Elliott Entitled to Aim at an Even Bigger Jackpot
By Chris McGrathin Trim, Co Meath
Suddenly, just as the horse was led from his stall, an icy sunset plunged beneath the melancholy afternoon sky and drenched the little stableyard in dazzling light. All that remained of Silver Birch was his silhouette, as though in token of the unreality pervading his achievements in the care of Gordon Elliott.
But there was nothing counterfeit about his role here yesterday, draped in a blanket that identified him as winner of the John Smith's Grand National. For one thing, he has already been ruled out of a return to Aintree in April by a leg problem - a reproof quite superfluous to Elliott, who was never the type to get carried away by winning the world's most famous steeplechase in his very first season as a trainer.
Instead a reality check remained the obligation of those who came here, to the banks of the Boyne, to hear the announcement of yet another prizemoney boost for the National. The purse in 2008 will be 800,000, 100,000 more than last season. It is a prodigious jackpot for a mere handicap, but one that nowadays makes the participation of the very best jumpers all but imperative.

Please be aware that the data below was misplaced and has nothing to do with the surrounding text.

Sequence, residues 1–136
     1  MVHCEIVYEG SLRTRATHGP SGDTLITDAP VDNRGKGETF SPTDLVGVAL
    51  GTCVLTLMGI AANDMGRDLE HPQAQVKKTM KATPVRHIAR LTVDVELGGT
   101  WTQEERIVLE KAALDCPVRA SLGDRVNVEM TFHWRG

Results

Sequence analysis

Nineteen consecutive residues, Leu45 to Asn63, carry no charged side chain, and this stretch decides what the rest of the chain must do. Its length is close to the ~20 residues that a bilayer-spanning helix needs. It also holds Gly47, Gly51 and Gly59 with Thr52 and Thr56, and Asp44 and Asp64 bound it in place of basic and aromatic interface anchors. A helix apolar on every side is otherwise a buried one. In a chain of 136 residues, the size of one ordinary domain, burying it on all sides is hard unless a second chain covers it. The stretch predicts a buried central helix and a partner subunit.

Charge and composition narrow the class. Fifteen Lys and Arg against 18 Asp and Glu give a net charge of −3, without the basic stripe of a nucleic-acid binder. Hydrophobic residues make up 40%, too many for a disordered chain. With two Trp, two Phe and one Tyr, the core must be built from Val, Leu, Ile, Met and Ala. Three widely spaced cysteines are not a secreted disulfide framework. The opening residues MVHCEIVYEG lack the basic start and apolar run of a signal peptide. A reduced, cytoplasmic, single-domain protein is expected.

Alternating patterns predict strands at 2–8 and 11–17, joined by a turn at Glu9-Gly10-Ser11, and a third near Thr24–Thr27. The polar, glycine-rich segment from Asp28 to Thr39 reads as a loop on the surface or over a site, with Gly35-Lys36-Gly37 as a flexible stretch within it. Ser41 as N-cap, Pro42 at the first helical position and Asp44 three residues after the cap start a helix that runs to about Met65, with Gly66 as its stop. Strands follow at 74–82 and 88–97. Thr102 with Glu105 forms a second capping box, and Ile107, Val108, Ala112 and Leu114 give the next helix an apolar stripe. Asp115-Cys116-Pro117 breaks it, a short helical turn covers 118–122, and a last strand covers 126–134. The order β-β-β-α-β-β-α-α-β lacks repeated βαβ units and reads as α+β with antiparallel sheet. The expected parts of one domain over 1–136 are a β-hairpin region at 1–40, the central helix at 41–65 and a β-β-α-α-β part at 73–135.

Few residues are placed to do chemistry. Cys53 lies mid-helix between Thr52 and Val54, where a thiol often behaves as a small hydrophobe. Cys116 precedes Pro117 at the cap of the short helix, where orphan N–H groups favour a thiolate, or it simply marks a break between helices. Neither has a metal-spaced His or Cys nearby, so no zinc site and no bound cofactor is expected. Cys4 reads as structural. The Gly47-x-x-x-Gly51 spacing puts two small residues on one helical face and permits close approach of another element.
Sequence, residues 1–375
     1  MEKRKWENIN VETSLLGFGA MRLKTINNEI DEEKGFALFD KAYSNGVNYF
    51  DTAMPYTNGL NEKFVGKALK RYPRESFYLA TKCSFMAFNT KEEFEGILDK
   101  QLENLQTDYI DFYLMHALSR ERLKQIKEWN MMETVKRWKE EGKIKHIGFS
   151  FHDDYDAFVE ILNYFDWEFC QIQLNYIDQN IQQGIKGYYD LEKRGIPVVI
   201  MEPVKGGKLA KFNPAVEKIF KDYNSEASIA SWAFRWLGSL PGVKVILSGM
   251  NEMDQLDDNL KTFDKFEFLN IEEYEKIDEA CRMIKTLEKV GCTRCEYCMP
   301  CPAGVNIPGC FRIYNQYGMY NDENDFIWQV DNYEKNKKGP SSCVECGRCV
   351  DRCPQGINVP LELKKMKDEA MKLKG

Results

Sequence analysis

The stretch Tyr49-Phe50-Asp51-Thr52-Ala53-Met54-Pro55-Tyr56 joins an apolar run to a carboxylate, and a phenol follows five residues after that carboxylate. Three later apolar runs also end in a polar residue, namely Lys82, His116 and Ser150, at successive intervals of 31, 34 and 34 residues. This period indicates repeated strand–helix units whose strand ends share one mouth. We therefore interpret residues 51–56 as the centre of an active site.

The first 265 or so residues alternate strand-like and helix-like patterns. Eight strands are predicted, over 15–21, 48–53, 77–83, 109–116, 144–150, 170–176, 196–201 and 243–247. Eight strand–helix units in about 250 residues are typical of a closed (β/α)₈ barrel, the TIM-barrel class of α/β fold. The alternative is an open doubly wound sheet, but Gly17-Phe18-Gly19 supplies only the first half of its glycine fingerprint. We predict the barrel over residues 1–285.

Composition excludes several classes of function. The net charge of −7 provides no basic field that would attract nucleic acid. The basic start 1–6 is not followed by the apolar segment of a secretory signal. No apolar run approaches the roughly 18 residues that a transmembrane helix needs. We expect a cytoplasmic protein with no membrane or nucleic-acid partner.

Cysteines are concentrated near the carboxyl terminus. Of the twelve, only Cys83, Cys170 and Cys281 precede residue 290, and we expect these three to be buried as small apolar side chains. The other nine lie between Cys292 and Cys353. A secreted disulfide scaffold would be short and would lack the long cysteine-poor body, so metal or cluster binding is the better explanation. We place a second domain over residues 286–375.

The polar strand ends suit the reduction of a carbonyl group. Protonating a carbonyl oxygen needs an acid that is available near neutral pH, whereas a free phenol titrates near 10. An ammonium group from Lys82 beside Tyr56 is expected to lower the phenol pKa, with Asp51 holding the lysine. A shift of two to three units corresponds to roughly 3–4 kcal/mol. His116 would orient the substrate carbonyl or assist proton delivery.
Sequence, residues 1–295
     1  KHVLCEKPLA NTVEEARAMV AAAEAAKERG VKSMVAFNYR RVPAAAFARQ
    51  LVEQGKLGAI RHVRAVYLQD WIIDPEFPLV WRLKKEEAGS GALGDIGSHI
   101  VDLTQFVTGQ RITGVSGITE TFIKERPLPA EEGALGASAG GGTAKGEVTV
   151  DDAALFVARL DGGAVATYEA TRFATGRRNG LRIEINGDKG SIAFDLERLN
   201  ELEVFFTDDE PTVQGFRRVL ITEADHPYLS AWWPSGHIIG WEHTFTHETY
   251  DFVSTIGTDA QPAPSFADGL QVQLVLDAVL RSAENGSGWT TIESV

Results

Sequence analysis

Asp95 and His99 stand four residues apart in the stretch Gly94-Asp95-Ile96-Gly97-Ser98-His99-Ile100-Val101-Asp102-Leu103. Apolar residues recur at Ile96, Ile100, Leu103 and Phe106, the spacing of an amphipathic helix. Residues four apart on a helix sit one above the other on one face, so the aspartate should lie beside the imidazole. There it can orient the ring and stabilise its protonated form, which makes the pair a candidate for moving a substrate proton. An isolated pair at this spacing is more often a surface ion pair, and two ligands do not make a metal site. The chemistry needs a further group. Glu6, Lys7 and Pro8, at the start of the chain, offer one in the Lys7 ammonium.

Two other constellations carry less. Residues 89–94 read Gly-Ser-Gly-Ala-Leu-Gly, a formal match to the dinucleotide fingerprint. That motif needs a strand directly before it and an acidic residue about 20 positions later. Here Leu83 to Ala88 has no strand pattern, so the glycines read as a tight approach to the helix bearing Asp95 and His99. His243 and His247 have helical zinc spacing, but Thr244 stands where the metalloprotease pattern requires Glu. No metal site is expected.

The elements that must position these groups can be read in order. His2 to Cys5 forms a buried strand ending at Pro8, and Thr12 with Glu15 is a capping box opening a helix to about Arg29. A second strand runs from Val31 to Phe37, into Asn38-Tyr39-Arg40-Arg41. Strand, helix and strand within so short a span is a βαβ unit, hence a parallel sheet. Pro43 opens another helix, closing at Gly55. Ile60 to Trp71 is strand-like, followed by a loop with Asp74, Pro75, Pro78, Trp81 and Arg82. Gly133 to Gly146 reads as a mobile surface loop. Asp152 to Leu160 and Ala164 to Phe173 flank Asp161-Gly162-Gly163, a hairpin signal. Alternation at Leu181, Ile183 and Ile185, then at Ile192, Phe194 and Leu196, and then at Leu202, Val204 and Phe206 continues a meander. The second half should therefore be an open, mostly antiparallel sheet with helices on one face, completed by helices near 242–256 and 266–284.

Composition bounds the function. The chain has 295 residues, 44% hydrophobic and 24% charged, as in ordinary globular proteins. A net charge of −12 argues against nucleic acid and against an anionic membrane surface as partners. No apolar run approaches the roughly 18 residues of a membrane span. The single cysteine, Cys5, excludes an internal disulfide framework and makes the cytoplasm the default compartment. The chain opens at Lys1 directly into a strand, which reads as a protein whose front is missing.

Yet this, the latest winner, could scarcely have come from a humbler background. The stabling is breezeblock, the roofing corrugated iron. In some yards, there are engraved nameplates beside each box. Here, the names are scrawled in chalk on blackboard. Elliott has still only had six winners in Ireland, and nine in Britain. Such is the reality of the National's romance.
While his cropped hair is frosted with grey, Elliott is still only 29. In his thickening torso you can still observe the power of the crack amateur rider who rode for Martin Pipe through a decade of Cheltenham Festivals. "They're the only two lads I ever worked for," he said. "Tony Martin, and Martin Pipe. They train differently, but I suppose a mixture's working OK. I'm only young. I'm still learning. So long as I keep doing that."
Since those days, Pipe has been succeeded by his son, David, who remains a close friend and travelled over to join Elliott in his celebrations after Silver Birch's stupefying success. Even at the time, Elliott knew that people would doubt the foundations beneath the edifice he had erected so abruptly. …